MYCN and HDAC5 transcriptionally repress CD9 to trigger invasion and metastasis in neuroblastoma


  • J. Fabian
  • D. Opitz
  • K. Althoff
  • M. Lodrini
  • B. Hero
  • R. Volland
  • A. Beckers
  • K. de Preter
  • A. Decock
  • N. Patil
  • M. Abba
  • A. Kopp-Schneider
  • K. Astrahantseff
  • J. Wünschel
  • S. Pfeil
  • M. Ercu
  • A. Künkele
  • J. Hu
  • T. Thole
  • L. Schweizer
  • G. Mechtersheimer
  • D. Carter
  • B.B. Cheung
  • O. Popanda
  • A. von Deimling
  • J. Koster
  • R. Versteeg
  • M. Schwab
  • G.M. Marshall
  • F. Speleman
  • U. Erb
  • M. Zoeller
  • H. Allgayer
  • T. Simon
  • M. Fischer
  • A.E. Kulozik
  • A. Eggert
  • O. Witt
  • J.H. Schulte
  • H.E. Deubzer


  • Oncotarget


  • Oncotarget 7 (41): 66344-66359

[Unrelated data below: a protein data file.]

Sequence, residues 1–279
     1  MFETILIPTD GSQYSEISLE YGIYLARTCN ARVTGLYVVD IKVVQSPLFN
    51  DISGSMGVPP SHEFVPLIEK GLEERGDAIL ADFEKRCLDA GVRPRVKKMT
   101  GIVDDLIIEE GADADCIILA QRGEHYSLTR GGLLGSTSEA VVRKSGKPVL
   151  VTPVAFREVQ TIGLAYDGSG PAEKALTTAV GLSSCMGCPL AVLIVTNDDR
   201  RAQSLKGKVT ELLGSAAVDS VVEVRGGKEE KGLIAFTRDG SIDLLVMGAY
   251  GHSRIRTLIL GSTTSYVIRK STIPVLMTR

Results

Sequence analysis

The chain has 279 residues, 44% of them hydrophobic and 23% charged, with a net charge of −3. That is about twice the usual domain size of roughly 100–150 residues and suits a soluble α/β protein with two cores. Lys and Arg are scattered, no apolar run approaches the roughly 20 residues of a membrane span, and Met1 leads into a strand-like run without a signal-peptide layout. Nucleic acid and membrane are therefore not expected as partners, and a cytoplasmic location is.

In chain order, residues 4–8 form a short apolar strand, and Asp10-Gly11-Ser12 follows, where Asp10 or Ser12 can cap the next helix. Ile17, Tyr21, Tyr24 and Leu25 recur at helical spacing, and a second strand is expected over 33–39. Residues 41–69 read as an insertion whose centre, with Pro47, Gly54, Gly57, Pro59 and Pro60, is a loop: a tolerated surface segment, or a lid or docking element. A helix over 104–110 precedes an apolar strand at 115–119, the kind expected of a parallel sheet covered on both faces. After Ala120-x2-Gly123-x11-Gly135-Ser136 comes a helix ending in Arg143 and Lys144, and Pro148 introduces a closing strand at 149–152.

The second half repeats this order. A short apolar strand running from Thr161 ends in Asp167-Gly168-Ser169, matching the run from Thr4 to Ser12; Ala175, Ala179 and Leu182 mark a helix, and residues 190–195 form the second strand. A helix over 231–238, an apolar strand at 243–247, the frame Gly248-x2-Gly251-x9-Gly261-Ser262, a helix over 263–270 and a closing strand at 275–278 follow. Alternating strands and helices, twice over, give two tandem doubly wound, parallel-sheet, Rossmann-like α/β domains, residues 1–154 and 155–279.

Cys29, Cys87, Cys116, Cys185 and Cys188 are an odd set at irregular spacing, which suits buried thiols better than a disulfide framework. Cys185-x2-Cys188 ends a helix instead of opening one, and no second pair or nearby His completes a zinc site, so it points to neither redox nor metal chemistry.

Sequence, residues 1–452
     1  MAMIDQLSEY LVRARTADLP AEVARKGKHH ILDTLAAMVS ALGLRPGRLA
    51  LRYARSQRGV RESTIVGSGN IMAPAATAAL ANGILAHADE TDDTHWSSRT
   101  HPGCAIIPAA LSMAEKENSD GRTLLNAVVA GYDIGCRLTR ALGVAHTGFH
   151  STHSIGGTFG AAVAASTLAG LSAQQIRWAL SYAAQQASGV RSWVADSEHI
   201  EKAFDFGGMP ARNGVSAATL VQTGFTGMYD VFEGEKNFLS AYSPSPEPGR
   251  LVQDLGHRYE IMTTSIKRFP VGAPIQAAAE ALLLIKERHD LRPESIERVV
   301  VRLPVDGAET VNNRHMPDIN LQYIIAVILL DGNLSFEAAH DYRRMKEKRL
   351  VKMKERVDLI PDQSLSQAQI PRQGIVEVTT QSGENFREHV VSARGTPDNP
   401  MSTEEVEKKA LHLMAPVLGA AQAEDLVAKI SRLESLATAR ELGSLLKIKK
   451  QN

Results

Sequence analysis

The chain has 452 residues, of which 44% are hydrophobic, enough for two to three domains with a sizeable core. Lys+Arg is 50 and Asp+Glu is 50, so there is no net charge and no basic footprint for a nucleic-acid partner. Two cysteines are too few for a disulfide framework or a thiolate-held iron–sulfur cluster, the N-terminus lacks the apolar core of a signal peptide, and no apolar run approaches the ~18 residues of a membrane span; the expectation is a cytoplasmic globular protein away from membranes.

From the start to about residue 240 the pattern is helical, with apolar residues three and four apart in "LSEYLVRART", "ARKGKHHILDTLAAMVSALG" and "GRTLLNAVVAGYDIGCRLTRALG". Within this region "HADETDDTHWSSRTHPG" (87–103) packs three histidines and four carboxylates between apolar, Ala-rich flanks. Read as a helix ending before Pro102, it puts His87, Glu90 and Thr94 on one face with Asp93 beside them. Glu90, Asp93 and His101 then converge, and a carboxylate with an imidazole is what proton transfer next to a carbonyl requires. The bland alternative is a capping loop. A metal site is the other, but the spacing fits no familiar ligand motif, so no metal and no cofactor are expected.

• The systemic and resistant nature of metastatic neuroblastoma renders it largely incurable with current multimodal treatment. Clinical progression stems mainly from the increasing burden of metastatic colonization. Therapeutically inhibiting the migration-invasion-metastasis cascade would be of great benefit, but the mechanisms driving this cycle are as yet poorly understood. In-depth transcriptome analyses and ChIP-qPCR identified the cell surface glycoprotein, CD9, as a major downstream player and direct target of the recently described GRHL1 tumor suppressor. CD9 is known to block or facilitate cancer cell motility and metastasis dependent upon entity. High-level CD9 expression in primary neuroblastomas correlated with patient survival and established markers for favorable disease. Low-level CD9 expression was an independent risk factor for adverse outcome. MYCN and HDAC5 colocalized to the CD9 promoter and repressed transcription. CD9 expression diminished with progressive tumor development in the TH-MYCN transgenic mouse model for neuroblastoma, and CD9 expression in neuroblastic tumors was far below that in ganglia from wildtype mice. Primary neuroblastomas lacking MYCN amplifications displayed differential CD9 promoter methylation in methyl-CpG-binding domain sequencing analyses, and high-level methylation was associated with advanced stage disease, supporting epigenetic regulation. Inducing CD9 expression in a SH-EP cell model inhibited migration and invasion in Boyden chamber assays. Enforced CD9 expression in neuroblastoma cells transplanted onto chicken chorioallantoic membranes strongly reduced metastasis to embryonic bone marrow. Combined treatment of neuroblastoma cells with HDAC/DNA methyltransferase inhibitors synergistically induced CD9 expression despite hypoxic, metabolic or cytotoxic stress. Our results show CD9 is a critical and indirectly druggable suppressor of the invasion-metastasis cycle in neuroblastoma.